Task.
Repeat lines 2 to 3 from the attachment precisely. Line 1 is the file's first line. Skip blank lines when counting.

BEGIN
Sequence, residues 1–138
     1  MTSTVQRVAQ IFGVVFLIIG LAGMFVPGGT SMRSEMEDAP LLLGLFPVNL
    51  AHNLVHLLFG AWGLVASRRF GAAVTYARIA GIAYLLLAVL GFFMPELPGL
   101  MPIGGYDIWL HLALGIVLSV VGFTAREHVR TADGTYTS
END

     1  MTSTVQRVAQ IFGVVFLIIG LAGMFVPGGT SMRSEMEDAP LLLGLFPVNL
    51  AHNLVHLLFG AWGLVASRRF GAAVTYARIA GIAYLLLAVL GFFMPELPGL